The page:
With the lights going out in Texas, Appalachia and some Great Plains states, people are taking to social media to connect with others, share tips and simply get some idea of how bad these power outages are going to be.
Because it’s social media though, there is a lot of low-quality information out there that either misunderstands the situation or just flat doesn’t know how electricity works.
Here’s a guide to some of the misinformation we’ve seen floating around the internet.
1. Power conservation is not a partisan issue
Texas Sen. Ted Cruz was taken to task on Twitter about his past comments on California officials encouraging people to use as little electricity as possible when that state was struggling with a hot weather and wildfires. At the time, Cruz tweeted Aug. 19, 2020, “California is now unable to perform even basic functions of civilization, like having reliable electricity… Hope you don’t like air conditioning!”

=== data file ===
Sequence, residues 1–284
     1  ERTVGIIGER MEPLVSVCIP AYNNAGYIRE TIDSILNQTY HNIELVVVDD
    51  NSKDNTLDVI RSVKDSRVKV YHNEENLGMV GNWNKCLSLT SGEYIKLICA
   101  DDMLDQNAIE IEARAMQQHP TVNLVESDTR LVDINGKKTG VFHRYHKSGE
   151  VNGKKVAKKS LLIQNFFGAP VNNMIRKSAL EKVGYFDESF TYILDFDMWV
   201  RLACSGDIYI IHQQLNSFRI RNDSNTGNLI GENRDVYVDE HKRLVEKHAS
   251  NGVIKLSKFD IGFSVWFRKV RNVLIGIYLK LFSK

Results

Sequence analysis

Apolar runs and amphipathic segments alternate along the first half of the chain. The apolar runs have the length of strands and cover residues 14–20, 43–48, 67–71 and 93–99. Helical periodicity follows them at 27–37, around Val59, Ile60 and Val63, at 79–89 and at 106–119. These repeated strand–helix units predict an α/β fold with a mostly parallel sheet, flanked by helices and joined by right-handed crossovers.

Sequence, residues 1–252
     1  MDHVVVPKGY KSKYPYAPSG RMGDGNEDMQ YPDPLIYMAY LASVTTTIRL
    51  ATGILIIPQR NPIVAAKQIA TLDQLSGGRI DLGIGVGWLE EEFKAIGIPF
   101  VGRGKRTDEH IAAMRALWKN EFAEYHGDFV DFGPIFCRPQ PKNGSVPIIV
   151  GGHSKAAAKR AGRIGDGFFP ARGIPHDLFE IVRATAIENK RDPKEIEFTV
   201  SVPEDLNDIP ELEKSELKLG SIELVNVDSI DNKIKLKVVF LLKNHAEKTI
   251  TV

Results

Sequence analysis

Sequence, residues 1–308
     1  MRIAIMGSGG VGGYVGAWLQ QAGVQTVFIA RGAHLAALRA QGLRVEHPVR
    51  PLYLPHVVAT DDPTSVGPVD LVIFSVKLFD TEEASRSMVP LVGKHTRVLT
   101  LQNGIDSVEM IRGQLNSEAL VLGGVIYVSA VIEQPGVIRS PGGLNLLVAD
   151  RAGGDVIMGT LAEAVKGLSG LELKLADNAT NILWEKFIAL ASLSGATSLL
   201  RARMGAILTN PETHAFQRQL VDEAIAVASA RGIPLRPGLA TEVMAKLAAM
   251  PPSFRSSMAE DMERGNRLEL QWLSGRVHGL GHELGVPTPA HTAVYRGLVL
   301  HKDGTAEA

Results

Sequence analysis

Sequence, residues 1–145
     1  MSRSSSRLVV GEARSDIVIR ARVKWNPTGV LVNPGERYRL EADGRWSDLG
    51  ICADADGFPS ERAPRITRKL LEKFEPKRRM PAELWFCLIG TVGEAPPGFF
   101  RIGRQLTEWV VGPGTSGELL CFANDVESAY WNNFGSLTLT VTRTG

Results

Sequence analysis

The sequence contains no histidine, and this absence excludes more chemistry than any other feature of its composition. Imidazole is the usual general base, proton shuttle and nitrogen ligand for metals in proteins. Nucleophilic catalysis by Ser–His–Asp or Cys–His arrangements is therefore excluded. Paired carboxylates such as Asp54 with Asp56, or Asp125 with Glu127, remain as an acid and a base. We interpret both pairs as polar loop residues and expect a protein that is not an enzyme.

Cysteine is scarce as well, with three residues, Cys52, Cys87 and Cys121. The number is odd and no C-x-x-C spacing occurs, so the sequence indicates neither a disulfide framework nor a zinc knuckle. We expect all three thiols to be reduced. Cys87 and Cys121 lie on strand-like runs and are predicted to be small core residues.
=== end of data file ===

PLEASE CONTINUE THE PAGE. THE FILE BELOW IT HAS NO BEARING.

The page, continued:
To his credit, Cruz responded to people needling him for saying this months before a similar crisis happened in his home state by apologizing.
“I got no defense. A blizzard strikes Texas & our state shuts down. Not good. Stay safe!” Cruz tweeted Wednesday in response to a story about his past tweets.
The thing is, when the power supply is tight, utilities, regional grid operators and state governments will call for power conservation. Whether supplies are tight because of a freezing winter storm, a heat wave or a natural disaster, it’s just a good idea not to overload the grid during these times.
That’s why these warnings about using too much power go out at such times. It’s not a Republican thing or a Democrat thing. It’s a physics thing. If there is too much strain on the grid, an unbalanced condition exists and an uncontrolled power outage could result. Electricity does not care who you voted for. It simply follows the laws of physics.